Wind farm traffic disruption warning

By Michael Upton | 26/09/2012 0 comments

Wind farm traffic disruption warning

DRIVERS are being warned of possible traffic disruption caused by deliveries at the site of the £21.9m wind farm at Penny Hill Farm, near Ulley.

Engineers have started concreting the foundations for the wind turbines in an operation that will last until the end of October.

The concrete is being supplied by the Tarmac depot at Aston-cum-Aughton and around 50 deliveries will be needed for each of the six turbines.

Banks Renewables, which is building the wind farm, says that the timing of deliveries had been arranged to minimise any traffic disruption, and that the firm had been working with the local councils, the project's community liaison committee and people living nearby to ensure everyone is aware when deliveries along the approved transport route are scheduled to take place.

The turbines that have been specified for the scheme have the highest capacity of any ever used in a UK onshore wind farm, and are scheduled to be delivered to the site by early 2013.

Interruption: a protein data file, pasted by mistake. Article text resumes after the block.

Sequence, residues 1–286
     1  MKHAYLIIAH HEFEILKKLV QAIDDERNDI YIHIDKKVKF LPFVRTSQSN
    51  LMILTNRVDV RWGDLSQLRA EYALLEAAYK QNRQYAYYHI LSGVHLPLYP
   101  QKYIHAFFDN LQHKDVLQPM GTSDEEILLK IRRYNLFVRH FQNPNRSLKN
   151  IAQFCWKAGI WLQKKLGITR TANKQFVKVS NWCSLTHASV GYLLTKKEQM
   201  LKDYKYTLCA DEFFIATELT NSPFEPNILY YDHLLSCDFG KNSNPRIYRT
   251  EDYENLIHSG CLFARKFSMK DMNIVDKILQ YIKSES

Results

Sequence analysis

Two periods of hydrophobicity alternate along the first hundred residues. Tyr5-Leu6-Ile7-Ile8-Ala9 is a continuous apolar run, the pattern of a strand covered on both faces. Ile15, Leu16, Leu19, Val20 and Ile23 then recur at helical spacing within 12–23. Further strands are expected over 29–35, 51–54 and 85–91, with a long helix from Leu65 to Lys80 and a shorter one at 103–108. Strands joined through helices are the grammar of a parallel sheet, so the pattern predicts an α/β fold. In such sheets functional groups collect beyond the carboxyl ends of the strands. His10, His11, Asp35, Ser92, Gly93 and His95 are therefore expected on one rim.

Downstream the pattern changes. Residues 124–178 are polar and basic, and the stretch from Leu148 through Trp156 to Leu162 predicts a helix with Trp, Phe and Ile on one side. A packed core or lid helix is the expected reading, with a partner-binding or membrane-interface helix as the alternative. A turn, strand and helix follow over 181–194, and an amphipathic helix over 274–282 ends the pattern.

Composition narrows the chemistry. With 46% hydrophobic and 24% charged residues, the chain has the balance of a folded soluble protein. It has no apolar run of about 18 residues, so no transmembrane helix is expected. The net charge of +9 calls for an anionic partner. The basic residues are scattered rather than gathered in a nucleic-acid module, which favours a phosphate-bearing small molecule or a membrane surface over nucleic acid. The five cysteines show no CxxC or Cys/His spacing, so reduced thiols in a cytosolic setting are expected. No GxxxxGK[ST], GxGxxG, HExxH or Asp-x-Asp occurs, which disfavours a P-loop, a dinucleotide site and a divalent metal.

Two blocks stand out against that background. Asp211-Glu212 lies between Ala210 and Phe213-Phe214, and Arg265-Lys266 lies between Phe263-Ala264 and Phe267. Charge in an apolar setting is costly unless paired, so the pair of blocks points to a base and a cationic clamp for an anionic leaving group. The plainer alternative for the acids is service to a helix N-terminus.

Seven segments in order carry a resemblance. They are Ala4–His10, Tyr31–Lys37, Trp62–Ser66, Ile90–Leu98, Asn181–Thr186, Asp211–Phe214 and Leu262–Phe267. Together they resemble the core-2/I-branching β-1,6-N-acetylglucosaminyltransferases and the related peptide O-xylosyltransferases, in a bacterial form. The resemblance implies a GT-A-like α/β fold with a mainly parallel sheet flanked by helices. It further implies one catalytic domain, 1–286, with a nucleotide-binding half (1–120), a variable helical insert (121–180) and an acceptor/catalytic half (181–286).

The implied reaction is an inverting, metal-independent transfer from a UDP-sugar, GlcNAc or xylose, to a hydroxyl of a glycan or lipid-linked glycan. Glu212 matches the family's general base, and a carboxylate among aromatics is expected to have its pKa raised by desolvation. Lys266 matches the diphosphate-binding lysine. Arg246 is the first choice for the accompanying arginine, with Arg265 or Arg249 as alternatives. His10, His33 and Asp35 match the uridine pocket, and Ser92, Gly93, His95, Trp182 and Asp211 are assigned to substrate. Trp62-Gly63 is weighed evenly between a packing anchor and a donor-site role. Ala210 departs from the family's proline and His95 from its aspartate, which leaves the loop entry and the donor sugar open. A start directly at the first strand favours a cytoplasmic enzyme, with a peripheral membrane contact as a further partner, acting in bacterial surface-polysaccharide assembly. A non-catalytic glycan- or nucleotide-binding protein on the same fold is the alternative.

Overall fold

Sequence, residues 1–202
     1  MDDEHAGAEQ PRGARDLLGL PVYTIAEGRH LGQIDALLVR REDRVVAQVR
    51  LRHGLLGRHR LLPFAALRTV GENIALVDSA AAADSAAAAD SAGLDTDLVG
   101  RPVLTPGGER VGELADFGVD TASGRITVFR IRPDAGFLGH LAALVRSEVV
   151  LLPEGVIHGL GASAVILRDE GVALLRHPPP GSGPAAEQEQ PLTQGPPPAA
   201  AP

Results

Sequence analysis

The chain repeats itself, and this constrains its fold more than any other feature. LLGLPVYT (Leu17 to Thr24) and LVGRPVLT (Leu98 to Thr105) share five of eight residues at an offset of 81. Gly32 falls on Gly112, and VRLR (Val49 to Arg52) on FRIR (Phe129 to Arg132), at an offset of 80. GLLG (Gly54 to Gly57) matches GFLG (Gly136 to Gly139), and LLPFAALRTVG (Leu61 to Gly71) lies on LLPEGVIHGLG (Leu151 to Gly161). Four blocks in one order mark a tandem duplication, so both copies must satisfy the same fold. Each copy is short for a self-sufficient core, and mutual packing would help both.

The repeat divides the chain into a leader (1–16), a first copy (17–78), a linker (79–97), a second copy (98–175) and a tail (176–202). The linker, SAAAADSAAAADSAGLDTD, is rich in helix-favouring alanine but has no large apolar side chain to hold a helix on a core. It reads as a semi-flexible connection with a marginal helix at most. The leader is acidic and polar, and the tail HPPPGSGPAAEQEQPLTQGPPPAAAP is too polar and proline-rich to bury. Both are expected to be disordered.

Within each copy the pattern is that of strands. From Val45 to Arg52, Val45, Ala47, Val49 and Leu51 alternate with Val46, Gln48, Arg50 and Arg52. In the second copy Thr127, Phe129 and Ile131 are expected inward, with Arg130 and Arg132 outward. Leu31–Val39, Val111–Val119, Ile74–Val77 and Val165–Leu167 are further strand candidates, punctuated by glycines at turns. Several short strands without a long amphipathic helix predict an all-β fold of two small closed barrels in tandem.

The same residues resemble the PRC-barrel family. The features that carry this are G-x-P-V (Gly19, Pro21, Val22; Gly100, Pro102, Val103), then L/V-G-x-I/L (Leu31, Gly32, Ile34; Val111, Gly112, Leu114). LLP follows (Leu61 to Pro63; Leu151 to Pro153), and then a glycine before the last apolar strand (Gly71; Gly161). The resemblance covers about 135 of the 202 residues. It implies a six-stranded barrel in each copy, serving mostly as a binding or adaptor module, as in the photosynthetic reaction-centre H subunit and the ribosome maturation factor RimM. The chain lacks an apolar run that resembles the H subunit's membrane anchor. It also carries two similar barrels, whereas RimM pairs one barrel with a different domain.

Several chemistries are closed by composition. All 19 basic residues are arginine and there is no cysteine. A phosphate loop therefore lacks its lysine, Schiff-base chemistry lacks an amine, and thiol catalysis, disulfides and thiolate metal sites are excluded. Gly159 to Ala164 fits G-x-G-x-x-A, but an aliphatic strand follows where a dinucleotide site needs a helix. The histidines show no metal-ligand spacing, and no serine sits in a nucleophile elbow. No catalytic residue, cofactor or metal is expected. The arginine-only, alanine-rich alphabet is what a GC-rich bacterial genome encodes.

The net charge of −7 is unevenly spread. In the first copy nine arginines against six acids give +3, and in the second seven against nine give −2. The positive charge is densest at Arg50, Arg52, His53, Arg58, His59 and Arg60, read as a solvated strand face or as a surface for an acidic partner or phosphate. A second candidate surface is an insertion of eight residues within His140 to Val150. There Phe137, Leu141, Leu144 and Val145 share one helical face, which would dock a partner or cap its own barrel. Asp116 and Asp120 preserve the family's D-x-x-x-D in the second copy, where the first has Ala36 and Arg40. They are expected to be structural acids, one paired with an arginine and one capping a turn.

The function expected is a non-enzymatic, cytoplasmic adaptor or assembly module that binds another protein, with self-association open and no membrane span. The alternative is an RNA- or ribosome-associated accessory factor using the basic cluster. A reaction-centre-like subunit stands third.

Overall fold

Lewis Stokes, Banks’ community relations coordinator for the Penny Hill scheme, said: “Every effort has been made to minimise the impact on local traffic of our vehicle movements over the next six weeks, and we’re grateful for the help we've had from our community contacts in spreading the word about the work that's set to take place.

“Construction work has progressed well so far, and we remain on schedule to see the turbines generating renewable energy in the first few months of next year.”

Around 30 jobs have been created directly on site through the construction of the six-turbine scheme, with a number of contracts also being awarded to local firms for the supply of materials and sub-contract works, as well as associated services such as catering and accommodation.

Anyone looking for information on the concrete delivery schedule to the Penny Hill site should call 0844 209 1515 or email pennyhill@banksgroup.co.uk

The Penny Hill wind farm will produce enough energy to meet the annual electricity consumption requirements of over 12,000 homes — or around ten per cent of all the homes in the Rotherham area. What do you think of wind power . . . and is Penny Hill the right location? Use the 'write a comment' buttons to post your views.


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